A story of two sisters who are apparently able to control reality. One kills herself and the other tries to undo it. Or everything is just in her mind, as she runs through scenarios of how the death could have been prevented. A pretty good literary story about facing sorrow. If I read the story correctly, there are hints about the reason that the sister killed herself.

“An Unimaginable Light” by John C. Wright (God, Robot, Castalia House)
A robot (or rather an android) and a sort of robot inquisitor have a discussion. A pretty bad and very illogical story, which is written in a ponderous language, with inane digs at modern egalitarian culture and openly sadistic violence toward women. A bad story on all levels.


My voting order is:

Short Story:
1. "That Game We Played During the War"
2. "Seasons of Glass and Iron"
3. "The City Born Great"
4. "A Fist of Permutations in Lightning and Wildflowers"
5. "Our Talons Can Crush Galaxies"
6. No award

Thursday, July 6, 2017

My Hugo award votes 2017 part 2: novelettes


Novelettes is the second category I have finished. The overall quality of the stories was fairly good, but somewhat worse than in novellas. In this category, the evil leader of the rabid puppies went for trolling and nominated a lizard sex story, again. Otherwise, the order was fairly easy to decide. The only thing that was a little harder to decide was the order of the two best stories, but eventually, I went for the more straightforwardly science fictional story. Similarly, when deciding the order of third and fourth places, I went for the science fiction, even when the actual speculative content of the story was fairly minor.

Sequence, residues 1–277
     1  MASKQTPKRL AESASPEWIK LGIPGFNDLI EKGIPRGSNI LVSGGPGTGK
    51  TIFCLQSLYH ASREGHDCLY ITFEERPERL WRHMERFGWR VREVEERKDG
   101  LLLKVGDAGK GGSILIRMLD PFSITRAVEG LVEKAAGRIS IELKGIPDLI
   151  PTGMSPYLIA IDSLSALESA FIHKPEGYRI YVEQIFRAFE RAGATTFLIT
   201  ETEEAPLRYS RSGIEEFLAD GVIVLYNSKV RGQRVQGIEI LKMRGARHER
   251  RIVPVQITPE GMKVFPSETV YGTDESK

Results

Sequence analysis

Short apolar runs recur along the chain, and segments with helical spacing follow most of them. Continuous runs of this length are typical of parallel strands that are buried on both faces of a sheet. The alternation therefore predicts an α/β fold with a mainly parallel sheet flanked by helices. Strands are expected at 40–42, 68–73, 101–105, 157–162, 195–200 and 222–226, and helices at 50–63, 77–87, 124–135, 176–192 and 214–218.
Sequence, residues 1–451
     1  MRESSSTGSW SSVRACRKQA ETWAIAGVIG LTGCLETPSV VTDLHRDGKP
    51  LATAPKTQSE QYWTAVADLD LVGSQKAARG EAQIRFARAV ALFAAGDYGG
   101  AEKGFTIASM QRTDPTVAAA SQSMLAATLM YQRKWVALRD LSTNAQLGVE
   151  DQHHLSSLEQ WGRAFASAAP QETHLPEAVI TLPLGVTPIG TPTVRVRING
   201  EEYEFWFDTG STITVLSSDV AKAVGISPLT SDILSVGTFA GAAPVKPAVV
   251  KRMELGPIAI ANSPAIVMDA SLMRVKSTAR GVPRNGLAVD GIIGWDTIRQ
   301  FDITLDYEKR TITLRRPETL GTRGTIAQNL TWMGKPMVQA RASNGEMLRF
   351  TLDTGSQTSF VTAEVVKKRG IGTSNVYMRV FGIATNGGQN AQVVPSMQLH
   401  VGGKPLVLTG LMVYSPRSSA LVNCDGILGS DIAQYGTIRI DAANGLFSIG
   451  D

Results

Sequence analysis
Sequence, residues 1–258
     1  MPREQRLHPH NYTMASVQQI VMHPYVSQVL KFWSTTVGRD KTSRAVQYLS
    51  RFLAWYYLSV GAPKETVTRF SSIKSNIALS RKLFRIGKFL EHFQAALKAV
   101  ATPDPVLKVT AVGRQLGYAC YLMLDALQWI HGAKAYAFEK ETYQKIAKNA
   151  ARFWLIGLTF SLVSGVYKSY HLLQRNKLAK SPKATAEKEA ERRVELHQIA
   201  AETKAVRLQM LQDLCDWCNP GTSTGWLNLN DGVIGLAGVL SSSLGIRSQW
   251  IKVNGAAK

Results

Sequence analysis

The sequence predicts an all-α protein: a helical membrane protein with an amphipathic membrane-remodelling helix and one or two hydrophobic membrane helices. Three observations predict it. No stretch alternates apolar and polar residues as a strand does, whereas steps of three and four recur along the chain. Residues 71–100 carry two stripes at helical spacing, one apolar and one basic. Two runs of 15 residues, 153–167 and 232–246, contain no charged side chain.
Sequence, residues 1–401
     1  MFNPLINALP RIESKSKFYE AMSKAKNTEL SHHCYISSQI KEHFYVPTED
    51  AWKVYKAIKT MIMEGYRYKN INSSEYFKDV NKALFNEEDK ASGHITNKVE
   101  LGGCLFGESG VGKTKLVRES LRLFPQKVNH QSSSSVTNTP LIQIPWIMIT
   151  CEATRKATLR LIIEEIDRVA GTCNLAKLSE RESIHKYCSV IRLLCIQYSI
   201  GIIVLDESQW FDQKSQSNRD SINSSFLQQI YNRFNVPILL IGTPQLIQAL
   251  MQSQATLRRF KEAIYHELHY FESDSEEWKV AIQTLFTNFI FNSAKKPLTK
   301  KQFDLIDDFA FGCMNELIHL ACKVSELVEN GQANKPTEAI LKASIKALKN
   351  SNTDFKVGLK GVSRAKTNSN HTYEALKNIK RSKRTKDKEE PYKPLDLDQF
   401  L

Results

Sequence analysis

"Alien Stripper Boned From Behind" by The T-Rex by Stix Hiscock

Last year, the rabid puppies and Vox Day, along with his minions, nominated a gay sex story involving a Tyrannosaurus Rex. This year, their contribution to the nominations was a straight sex story involving a Tyrannosaurus Rex. I wonder what kind of pervert is so captivated by lizard sex? In this story, a three-breasted alien stripper, who shoots laser beams out of her nipples when she has an orgasm, hooks up with a tyrannosaurus and has a lot of steamy sex. The tyrannosaurus is extremely well endowed for a lizard (which usually don’t really have much external genitalia at all). This was much worse than last year’s porn story, which at least managed to be pretty funny. This wasn’t even arousing and the writing was pretty bad. It lands below “no award” for me.

“The Tomato Thief” by Ursula Vernon

An old woman lives alone and raises the best tomatoes anyone has ever tasted. She is waiting for one especially juicy tomato to reach peak ripeness, when it disappears during the night. And then the next one is also stolen. And the next. Clearly, something must be done. It turns out that the old lady (and the world itself) were not so simple as they first seemed to be. The quest for the tomato thief turns out to span several dimensions and is a very dangerous adventure, which involves space shifters and some even more strange creatures. A fun fable-like story, which turns more and more fantastic it goes on and is very well told.

“You’ll Surely Drown Here If You Stay” by Alyssa Wong

Young orphan boy and girl live on a whorehouse and help with all of the chores there are to be done. The boy has some strange powers: he can animate the dead, up to and including the chicken legs that are being cleaned for cooking. A group of strange men comes to the town. They demand that the boy come with them to examine a mine that was destroyed in an accident. He does, but things don’t go as planned. Nice writing, but a bit of an over-surrealistic end for my taste, which doesn’t really explain any of the fantasy elements.